At the optical microscopy (OM) level, scrapie-affected sheep showed very intense pathological prion protein (PrPsc) immunoreactivity in lobules VIIb and X (Figure 6). The pattern of deposition was similar. PrPsc immunoreaction was observed in all cerebellar layers, thus revealing a non-homogeneous but constant presence of prion deposition. Small areas of variable size and shape with low immunoreactivity (fine and dispersed granules) were seen close together with other small- or middle-sized areas or “deposits”, with larger diameter granules (confluent in many instances) appearing in far greater numbers (Figure 6). The most intense immunoreaction was seen between the granule cells in the deeper region of the molecular layer and near the PC layer. The parallel sections processed for CB, CR or PrPsc immunodetection showed that the most heavily stained prion deposits were usually close to areas of low cell density between the granule cells, but not close to groups of cells showing CR immunoreactivity. CB-immunopositive PCs and CR unipolar brush cells of pathological appearance were observed close to the small areas of both very low and intense prion deposition. The parallel study of PrPsc- and GFAP-immunostained sections revealed variable correspondence between heavy prion protein deposits and hyperimmunoreactive glial cells (Figure 5). In different areas of greater density of GFAP-immunonegative glial bodies in the PC layer, intense PrPsc deposits were observed. In the clinical stage of the disease, the molecular layer shows a large number of star-like deposits, suggesting an association with astroglial cells, but GFAP-immunopositive astroglia of a similar morphology cannot be demonstrated in parallel sections (Figure 5).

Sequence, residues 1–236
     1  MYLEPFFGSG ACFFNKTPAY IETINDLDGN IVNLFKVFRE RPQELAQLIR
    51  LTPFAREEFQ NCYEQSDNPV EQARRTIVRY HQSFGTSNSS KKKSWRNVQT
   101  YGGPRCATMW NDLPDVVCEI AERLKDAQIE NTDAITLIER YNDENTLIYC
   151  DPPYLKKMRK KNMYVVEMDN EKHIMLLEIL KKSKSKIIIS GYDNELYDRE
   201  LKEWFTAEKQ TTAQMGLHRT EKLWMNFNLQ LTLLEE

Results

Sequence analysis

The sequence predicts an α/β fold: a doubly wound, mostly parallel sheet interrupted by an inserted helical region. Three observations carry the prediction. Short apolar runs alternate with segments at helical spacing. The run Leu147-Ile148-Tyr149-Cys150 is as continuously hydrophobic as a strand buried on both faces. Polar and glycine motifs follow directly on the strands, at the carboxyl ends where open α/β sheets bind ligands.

When areas with large abnormal PrP deposits observed via light microscopy are studied at the level of electron microscopy, these large prion deposits cannot be confirmed. Only small aberrant formations associated with neuronal or glial membranes are seen, but they are not different from those observed in other areas not marked by large abnormal PrP deposits/deposition in OM studies.